Neale William Henry 
(? –1939)

English arctic researcher, doctor. 
He entered the history of Arctic research as a member of two expeditions to the archipelago 
of Franz-Josef Land under the command of B. Lee-Smith on the "Eyre" steam yacht. 
The first expedition set off in the summer of 1880 with the intention of studying the ice conditions in the North Atlantic, and then trying to advance north as far as ice conditions would allow. The expedition consisted of 25 people, Niel served as a physician and naturalist. It is known that this expedition Lee-Smith has achieved excellent results. 
The vessel called at the island of Jan Mayen, then, having failed to reach the coast of Greenland, sailed around Spitsbergen from the south and approached theFranz Josef Land archipelago , thus making the third visit to the archipelago. A number of islands were discovered and surveyed, and numerous materials were collected that were a significant contribution to the body of knowledge about this region, which was little studied at that time. 
The second voyage took place next year and turned out to be significantly less successful due to the most severe ice conditions. Near Cape Flora on the island of Northbrook, "Eyre" was trapped and crushed by ice. The tragedy occurred disastrously quickly, all scientific materials died, a significant part of the products, Niel was especially upset by the loss of lemon juice, which he justly considered an excellent remedy for scurvy. Having built a hut out of improvised means, polar explorers spent 10 exceptionally difficult months in it. Nevertheless, the excellent organization of life, classes, food allowed to preserve the life and health of all crew members. Great in this is the role of the doctor of the expedition, who established regular feeding of people with fresh meat of bears and walruses. In addition, Niel found time to conduct natural scientific observations, the results of which he later published in the writings of the Zoological Society.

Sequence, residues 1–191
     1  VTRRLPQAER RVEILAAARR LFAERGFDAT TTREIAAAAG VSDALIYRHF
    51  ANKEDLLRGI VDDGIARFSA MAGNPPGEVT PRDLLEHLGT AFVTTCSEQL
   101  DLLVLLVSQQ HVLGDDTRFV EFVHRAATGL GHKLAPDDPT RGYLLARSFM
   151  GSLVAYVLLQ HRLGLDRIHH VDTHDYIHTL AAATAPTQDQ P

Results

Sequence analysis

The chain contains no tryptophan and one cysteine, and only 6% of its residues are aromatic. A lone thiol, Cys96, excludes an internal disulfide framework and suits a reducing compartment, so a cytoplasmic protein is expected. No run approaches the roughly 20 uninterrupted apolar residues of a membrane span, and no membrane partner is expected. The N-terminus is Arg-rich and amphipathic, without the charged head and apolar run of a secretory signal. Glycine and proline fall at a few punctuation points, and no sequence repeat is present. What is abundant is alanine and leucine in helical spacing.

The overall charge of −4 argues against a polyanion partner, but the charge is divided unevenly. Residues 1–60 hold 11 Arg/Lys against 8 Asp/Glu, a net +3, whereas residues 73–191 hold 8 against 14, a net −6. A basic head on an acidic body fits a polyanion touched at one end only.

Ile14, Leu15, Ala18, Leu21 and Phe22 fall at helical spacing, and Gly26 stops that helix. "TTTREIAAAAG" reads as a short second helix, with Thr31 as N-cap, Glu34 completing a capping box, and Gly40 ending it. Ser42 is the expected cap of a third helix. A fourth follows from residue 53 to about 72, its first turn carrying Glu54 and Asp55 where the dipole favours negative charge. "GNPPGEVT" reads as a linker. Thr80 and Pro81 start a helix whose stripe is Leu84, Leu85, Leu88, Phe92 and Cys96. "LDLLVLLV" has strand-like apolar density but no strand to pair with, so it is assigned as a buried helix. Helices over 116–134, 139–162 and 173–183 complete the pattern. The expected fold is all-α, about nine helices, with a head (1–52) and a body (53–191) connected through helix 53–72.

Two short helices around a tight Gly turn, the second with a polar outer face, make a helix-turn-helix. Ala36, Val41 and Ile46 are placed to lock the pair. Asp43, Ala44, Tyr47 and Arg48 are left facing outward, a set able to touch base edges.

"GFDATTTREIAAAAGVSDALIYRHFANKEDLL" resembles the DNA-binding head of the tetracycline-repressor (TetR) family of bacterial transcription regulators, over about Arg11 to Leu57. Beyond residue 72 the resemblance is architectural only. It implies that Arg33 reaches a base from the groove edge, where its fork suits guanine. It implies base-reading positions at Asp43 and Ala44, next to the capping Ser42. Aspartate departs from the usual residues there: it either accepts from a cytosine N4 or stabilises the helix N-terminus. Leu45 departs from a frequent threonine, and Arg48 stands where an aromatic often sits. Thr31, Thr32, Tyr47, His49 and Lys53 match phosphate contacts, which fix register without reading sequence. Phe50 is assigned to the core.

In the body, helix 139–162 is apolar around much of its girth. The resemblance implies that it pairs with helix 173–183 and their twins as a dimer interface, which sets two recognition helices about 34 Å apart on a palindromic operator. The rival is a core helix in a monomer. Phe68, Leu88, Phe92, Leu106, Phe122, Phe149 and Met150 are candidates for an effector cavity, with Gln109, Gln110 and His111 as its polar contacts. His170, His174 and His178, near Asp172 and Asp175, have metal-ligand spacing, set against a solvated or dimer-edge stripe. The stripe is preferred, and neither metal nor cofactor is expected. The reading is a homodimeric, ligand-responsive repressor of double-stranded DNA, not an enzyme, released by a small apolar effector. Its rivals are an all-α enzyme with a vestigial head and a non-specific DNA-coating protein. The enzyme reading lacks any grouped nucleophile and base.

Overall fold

In June 1882  on four boats, the sailors made the most dangerous 42-day voyage to Novaya Zemlya. On the way every night they landed on the ice and pulled the bots out of the water to minimize the risk of death from ice compression. At the western entrance to the Matochkin Strait, the valiant travelers were met by the ships of the expedition of Allen Jung sent to rescue them. Later, the Jackson - Kharmsouurt  expedition found and returned to Nil his stethoscope and camera “in good condition after fourteen years of freezing in Cape Flora on ice”. 
In the following years  for nearly half a century, Niel led a medical practice in St. John's Wood and South Hempstead, gaining a reputation as a talented and skilled doctor.


Cape Niel

(Photo from

Cape in the west of the island of George Land in the archipelago of Franz-Josef Land. Opened and named by the expedition of Lee-Smith in 1880.


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